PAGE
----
With winter behind us and summer ahead, I'd like to take this pause in the seasons to request that the people in charge of the nation's climate stop monkeying around with the weather.
For the record, I haven't heard anything definitive about summer. It might be OK. I don't know. But I'm betting that the Weather Mess-Arounders will get around to it, if not this summer, some summer soon.
Why? Because they've already messed around with cold, and these people are not the type to leave well enough alone.
We're talking here about researchers at the National Laboratory for Nothing Better To Do. These are not people who get paid to sit on their hands, like corporate executives. No, these are people who get paid to do something. One of the things they did recently was change the windchill factor.
Having assiduously studied the issue and concluded that the windchill factor was something nobody cared about, they worked round-the-clock to develop a new way to calculate how cold we feel when it's too cold to feel much of anything.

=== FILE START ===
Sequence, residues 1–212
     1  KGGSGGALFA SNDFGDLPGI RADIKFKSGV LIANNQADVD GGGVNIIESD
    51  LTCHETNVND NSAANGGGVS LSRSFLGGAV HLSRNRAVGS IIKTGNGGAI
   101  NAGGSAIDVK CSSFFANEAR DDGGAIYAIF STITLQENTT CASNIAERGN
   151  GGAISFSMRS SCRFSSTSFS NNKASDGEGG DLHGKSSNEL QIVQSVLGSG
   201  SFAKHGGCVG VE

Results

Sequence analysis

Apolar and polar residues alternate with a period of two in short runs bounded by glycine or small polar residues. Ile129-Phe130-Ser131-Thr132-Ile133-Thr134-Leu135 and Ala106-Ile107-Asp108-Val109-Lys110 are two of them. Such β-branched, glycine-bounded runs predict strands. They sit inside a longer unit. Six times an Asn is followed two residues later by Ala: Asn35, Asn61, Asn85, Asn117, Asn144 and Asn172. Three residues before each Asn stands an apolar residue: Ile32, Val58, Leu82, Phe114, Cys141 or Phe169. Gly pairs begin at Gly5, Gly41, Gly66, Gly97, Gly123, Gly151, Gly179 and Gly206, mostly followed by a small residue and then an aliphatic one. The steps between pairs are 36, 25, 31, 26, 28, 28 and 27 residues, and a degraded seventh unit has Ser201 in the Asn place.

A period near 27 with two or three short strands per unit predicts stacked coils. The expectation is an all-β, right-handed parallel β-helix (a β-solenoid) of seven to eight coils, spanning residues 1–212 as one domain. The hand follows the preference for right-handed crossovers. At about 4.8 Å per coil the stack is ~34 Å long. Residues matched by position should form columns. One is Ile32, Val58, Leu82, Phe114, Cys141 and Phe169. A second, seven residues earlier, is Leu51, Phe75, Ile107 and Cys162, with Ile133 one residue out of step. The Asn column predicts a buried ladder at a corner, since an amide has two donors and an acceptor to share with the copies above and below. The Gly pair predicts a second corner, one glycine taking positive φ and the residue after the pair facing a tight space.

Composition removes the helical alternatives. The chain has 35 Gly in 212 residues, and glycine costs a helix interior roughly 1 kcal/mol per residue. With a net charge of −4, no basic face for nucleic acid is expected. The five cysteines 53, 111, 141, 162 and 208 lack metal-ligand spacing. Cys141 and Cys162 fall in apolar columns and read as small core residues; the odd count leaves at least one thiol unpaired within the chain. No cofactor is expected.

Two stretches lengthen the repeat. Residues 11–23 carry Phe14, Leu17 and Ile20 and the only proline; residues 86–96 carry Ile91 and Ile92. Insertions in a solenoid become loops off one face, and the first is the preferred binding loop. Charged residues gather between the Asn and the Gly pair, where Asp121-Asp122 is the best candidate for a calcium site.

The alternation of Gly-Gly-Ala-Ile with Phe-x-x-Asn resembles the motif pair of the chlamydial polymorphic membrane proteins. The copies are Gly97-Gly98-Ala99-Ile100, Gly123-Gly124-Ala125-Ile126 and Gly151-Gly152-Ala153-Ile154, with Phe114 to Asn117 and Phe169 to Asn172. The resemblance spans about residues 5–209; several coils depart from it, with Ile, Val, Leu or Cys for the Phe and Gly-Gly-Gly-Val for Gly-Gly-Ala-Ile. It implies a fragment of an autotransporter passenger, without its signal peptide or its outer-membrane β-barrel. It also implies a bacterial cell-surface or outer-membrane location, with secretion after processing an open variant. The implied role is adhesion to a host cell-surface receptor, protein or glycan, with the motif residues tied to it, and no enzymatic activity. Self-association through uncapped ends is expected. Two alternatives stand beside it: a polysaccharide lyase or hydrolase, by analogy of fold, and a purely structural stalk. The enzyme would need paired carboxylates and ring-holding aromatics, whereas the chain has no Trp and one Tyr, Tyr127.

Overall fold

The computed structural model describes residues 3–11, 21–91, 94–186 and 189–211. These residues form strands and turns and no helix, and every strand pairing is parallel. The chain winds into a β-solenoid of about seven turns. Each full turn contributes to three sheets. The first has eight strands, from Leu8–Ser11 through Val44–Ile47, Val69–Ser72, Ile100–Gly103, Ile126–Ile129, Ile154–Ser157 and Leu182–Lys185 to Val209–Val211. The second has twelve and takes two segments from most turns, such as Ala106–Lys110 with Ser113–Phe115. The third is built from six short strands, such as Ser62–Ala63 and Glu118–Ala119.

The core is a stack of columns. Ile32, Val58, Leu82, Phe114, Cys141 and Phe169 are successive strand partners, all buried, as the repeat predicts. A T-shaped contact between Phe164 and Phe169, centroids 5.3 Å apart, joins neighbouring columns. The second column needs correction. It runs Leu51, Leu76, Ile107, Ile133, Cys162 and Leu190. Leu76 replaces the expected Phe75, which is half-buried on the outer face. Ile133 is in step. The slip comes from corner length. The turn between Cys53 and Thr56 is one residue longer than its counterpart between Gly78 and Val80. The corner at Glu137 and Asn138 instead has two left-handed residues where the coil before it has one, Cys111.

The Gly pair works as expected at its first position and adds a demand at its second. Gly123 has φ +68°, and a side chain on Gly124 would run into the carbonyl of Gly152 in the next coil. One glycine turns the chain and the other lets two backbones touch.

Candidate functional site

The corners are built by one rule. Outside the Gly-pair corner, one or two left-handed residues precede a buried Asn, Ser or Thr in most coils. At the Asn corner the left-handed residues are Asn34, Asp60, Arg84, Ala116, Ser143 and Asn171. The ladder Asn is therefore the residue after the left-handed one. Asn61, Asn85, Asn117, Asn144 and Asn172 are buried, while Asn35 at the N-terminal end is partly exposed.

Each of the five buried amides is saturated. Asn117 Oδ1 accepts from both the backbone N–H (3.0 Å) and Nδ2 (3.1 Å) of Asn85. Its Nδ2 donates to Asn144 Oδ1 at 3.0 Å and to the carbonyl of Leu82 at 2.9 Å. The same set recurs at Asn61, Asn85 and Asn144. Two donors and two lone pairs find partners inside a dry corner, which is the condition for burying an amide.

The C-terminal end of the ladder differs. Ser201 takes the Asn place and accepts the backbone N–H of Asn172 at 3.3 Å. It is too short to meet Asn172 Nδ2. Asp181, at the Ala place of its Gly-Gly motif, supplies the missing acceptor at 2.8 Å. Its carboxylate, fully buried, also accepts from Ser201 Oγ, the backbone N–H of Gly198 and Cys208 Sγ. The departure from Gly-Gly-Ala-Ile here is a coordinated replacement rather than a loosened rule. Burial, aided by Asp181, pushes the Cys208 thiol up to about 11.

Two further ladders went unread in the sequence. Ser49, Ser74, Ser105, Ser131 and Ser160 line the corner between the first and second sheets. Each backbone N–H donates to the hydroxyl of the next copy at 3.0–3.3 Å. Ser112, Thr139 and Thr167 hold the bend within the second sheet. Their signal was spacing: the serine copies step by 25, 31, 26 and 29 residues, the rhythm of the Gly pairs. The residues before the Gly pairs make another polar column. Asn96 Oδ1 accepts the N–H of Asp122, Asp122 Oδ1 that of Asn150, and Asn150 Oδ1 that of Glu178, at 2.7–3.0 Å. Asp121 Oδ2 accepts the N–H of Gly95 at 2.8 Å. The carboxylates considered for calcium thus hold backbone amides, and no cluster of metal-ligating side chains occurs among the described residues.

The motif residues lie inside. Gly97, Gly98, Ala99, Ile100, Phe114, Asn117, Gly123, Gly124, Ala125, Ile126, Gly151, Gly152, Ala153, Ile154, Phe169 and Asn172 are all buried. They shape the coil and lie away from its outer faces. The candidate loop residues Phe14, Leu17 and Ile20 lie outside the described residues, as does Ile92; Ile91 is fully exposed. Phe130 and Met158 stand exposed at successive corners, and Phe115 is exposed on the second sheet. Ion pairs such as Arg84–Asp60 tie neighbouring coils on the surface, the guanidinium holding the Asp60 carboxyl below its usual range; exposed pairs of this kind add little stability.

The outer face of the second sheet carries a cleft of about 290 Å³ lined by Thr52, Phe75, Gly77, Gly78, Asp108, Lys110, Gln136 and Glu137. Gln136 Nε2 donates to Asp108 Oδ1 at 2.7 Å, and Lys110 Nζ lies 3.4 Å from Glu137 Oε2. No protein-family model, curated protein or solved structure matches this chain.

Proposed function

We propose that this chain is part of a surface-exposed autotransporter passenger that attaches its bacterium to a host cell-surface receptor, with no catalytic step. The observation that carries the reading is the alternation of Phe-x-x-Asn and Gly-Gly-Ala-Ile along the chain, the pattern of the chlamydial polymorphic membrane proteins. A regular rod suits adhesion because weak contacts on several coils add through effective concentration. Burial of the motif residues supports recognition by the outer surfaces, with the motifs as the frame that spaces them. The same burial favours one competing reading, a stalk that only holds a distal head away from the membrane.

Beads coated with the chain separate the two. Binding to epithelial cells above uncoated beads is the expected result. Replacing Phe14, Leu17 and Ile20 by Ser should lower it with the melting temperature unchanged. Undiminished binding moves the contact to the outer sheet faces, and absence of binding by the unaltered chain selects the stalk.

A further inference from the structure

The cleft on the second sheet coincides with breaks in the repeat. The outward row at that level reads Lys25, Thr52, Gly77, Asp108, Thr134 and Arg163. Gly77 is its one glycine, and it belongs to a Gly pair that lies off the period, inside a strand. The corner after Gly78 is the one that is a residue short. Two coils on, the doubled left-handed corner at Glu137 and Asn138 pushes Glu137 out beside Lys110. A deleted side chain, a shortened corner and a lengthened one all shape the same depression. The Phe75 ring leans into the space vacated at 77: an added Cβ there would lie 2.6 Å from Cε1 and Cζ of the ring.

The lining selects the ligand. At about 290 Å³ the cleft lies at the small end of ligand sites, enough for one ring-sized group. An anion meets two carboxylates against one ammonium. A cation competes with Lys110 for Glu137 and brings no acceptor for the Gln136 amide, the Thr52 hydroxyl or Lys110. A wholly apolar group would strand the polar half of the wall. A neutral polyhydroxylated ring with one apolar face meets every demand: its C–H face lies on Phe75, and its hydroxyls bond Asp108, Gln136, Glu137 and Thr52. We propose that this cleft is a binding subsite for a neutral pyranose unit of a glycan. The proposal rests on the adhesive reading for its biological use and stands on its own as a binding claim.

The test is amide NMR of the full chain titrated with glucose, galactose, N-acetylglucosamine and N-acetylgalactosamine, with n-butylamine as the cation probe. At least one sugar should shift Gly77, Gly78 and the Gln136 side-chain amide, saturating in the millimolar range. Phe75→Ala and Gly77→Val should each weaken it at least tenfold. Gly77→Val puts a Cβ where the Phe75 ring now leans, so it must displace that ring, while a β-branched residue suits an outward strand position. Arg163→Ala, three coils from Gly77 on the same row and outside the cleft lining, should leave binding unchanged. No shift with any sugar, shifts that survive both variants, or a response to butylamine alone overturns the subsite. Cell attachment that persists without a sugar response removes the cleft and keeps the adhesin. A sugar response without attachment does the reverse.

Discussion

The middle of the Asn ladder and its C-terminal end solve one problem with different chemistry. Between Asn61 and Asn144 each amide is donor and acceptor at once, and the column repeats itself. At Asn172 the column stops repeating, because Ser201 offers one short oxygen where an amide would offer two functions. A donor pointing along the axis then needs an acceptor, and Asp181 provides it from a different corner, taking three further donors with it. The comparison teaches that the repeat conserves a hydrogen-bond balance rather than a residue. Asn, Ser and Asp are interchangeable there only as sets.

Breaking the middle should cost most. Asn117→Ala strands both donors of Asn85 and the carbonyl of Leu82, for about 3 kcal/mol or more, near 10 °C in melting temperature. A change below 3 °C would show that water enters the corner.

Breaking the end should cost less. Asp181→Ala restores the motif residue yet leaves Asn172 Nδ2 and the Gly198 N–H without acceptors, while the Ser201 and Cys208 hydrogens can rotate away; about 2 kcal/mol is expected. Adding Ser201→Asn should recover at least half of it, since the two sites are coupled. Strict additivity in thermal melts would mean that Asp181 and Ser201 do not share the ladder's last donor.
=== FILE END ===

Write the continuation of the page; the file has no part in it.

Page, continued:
Introduced at the start of last winter, the average difference is 15 degrees warmer under the new method. That explains why, despite epic snowfall in Buffalo, once-in-a-lifetime blizzards throughout the South, and general wintertime mayhem, you felt so much warmer this past winter than in winters past. You did feel warmer, right?
Before going further, I should point out in the interest of full disclosure that the windchill factor has long been one of my top pet peeves. I rank it just below drivers who go too slow in the left-hand lane, which gives you a pretty good idea of how much I'm rankled by it. It rankles me, and I would not say that rankle is too strong a word, because it is science at its most presumptuous. Weatherman: Oooooh, it's a balmy 26 degrees out there. (Yuk, yuk.) But bundle up because the windchill says it feels like, brrrr, 3 degrees.